Fleeting as it were, the aerial route across Inner Asia inspired visions of the continent from above. Touted as precise, revelatory, and efficient, aerial photographs seemed to grasp the lay of the land in an unprecedented immediacy.
The prevalence of aerial photography in the early twentieth century marked one phase within a longer history of combat and cinema technologies becoming increasingly intertwined. In what Paul Virilio calls “a logistics of military perception,” this mode of vision in the twentieth century led to “a dematerialization of reality [in which] a supply of images would become equivalent of an ammunitions supply” (Virilio 1989).
In producing distance between the viewer and the viewed, aerial photography contrasted sharply with, say, the familial intimacy fostered in picture albums, as Emily Chapman shows in her module.
How did a photograph taken from an airplane differ from one taken on foot or by railroad? Snapped in the Gobi Desert, the images to the right, from the popular magazine Geography Education (J. Chisei kyōiku), reveal the differences in perspective between the terrestrial and the aerial.
In this first image, the photographer stood among the sand dunes near the Inner Mongolian city of Baotou in northern Ordos, by the Yellow River.
In the second image, the photographer flew over Baotou at six hundred meters above ground (top) and the upper reaches of the Yellow River at eight hundred meters above ground (bottom). He also captured “a lamasery that was not even recorded on a map” in the middle of the Ordos steppe (center).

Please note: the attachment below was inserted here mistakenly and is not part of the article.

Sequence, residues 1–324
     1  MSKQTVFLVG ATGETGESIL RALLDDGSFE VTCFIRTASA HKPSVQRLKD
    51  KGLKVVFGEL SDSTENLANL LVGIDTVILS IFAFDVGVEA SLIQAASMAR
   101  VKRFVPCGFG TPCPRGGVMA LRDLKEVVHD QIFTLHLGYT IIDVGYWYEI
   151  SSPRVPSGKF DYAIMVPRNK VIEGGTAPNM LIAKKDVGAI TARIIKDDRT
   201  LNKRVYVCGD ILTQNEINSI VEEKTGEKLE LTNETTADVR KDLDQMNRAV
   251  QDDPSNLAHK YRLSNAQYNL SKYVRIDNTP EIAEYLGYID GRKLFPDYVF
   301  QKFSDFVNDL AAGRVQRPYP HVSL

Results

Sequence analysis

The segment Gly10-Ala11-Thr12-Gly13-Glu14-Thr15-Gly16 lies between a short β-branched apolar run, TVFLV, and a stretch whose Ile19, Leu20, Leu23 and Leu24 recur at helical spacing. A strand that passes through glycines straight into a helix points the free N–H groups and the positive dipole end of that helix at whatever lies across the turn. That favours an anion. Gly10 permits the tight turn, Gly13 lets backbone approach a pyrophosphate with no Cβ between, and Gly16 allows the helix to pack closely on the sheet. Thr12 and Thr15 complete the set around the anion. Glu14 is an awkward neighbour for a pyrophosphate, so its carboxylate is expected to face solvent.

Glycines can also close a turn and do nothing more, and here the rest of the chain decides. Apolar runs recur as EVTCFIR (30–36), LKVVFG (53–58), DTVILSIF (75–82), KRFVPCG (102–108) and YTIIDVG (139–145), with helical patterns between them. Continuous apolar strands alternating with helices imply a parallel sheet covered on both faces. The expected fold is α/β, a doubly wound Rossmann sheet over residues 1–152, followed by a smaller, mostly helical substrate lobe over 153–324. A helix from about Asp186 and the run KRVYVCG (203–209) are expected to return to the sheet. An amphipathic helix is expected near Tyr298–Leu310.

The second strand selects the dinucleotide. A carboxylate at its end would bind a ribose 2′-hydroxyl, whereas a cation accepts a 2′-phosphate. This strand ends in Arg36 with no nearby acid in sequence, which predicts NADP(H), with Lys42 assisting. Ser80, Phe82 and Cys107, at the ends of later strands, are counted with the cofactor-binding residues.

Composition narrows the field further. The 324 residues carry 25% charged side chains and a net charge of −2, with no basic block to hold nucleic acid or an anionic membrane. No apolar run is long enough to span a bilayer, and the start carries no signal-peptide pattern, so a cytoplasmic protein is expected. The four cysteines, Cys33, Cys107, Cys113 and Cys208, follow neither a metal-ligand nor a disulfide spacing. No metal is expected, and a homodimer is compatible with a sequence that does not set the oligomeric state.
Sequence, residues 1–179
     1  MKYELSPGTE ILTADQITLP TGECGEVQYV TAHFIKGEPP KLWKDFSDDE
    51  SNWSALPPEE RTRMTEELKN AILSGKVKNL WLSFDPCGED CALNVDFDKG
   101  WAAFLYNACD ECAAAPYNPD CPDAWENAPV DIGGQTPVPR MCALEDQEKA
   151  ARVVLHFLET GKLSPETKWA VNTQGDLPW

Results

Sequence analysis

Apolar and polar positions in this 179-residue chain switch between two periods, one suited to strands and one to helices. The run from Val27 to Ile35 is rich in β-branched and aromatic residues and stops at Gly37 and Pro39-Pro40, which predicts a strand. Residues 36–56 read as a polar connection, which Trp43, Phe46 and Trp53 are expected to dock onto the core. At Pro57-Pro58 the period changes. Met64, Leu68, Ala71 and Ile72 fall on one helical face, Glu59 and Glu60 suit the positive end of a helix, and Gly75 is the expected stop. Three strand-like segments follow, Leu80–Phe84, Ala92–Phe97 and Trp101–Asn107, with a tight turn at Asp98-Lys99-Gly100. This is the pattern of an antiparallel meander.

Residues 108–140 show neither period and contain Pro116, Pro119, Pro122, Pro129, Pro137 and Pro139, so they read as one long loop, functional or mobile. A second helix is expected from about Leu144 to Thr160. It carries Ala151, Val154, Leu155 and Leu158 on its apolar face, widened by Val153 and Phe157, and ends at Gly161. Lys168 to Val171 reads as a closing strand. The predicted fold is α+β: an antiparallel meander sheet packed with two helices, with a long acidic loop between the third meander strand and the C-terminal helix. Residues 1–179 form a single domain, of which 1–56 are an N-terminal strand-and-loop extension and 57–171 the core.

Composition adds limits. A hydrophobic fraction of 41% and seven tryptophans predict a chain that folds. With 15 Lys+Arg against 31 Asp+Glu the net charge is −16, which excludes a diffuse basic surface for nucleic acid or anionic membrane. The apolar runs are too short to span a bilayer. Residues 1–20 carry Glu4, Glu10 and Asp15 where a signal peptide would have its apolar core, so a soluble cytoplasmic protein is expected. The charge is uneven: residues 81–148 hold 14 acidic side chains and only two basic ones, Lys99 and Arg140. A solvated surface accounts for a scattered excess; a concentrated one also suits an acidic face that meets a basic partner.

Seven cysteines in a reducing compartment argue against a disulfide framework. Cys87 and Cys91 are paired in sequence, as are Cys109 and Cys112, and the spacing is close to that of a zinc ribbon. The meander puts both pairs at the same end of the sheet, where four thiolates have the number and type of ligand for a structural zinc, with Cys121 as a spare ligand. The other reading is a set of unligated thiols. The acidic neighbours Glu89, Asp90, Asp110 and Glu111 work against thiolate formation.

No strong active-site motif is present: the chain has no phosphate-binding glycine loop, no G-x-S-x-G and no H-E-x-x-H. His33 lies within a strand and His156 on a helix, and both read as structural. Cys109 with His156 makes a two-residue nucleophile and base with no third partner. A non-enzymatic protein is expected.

What is missing in the aerial photograph is the horizon. If the view of the horizon from a train corresponds to the panorama, as Wolfgang Schivelbusch writes, then the view from an airplane, in eliminating that horizon, might correspond to the map (Schivelbusch 1977).
Certainly, when flying over Inner Mongolia, pilots often conflated the aerial and cartographic perspective. As one wrote in 1937, “a line drawn on the map represented the route, with some letters written to indicate [the presence of] villages.” Peering out of the cockpit, though, he noted “a cast sea of millet grain where people never entered into the field of vision. As one would expect, the Gobi Desert looked exactly like what I had learned from a map” (Kawaida 1937).
While Japanese pilots may have presumed that the aerial view equated the gridded map, to confuse these two perspectives, though, would prove costly, leading to “outrageous mistakes,” in the words of a technician at the Manchuria Aviation Company (Kataoka 1944). It would take a more intensive process to transform the former into the latter.